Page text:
• Be consistent in how the learner interacts with the screen.  I’ve made the mistake in the past where some of my text boxes look exactly like my buttons.  This confused the learners.  Make sure that those parts of the screen used for navigation and buttons are distinct and easily recognized.
    • Get rid of the junk.  The rapid elearning software gives you a lot of options and features.  If you don’t need them, get rid of the noise.  For example, if there’s no need to have a drop down list of questions, then consider turning it off.  There’s no reason to have your learners clicking around the interface when you want them focused on the question.
    • Tell the learner what to do.  The user interface might seem obvious to you, but I’ve seen plenty of people get frustrated because they’re not sure what to do.  For example, if you have a drag and drop question, let the user know that they need to drag the answer to a specific location.

    The goal is to assess your learner’s understanding of the course content.  By avoiding some of these common mistakes, you’ll create better quiz questions.  What are some mistakes that you’ve seen in the quizzes you’ve had to take?  Share them with the rest of us by clicking on the comments sections.


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    37 responses to “5 Common Quiz Question Mistakes (And How to Avoid Them)”

    Kia ora Tom!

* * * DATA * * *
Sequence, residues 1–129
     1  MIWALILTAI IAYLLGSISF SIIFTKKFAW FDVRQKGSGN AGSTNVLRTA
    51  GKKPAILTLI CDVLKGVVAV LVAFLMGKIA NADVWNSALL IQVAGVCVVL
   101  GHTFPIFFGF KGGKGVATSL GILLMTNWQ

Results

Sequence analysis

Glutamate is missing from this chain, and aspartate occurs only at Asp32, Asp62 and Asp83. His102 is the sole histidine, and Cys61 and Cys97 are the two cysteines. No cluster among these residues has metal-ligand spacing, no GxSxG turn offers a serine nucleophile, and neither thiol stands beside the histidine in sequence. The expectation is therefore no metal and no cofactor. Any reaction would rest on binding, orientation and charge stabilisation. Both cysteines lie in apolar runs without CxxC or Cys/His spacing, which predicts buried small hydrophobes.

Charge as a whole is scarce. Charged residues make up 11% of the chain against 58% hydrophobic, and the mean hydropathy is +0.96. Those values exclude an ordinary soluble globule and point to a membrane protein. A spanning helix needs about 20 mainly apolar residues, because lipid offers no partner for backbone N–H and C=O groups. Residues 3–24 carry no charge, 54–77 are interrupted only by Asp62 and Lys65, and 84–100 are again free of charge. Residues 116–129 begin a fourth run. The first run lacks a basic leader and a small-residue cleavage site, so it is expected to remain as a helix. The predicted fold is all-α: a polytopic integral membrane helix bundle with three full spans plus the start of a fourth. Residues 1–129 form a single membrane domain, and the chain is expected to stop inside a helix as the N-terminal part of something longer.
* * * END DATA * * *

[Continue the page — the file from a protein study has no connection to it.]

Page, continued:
It’s like I said to
    Tony Karrer: When it comes to learning, the diversity can be as wide. Present day examination (standards) techniques tend to accept in a narrow band of interpretation/regurgitation and so this diversity is often looked on as ineffective learning. In fact, I believe that a lot of it can be put down to diverse interpretation.

    Ka kite
    from Middle-earth

    […] 5 Common Quiz Question Mistakes (And How to Avoid Them) | The Rapid E-Learning Blog | Tom Kuhlmann | 28 October 2008 […]

    October 28th, 2008

    Thanks for a great post, as always, Tom! I work in a regulatory field and we are often forced to add questions to our training, regardless of whether it makes sense to test on the material. Grrr! I’ve learned many of the things you mention along the way, based on mistakes my colleagues and I have made. Nothing makes a trainee shout louder than a double negative in a test question!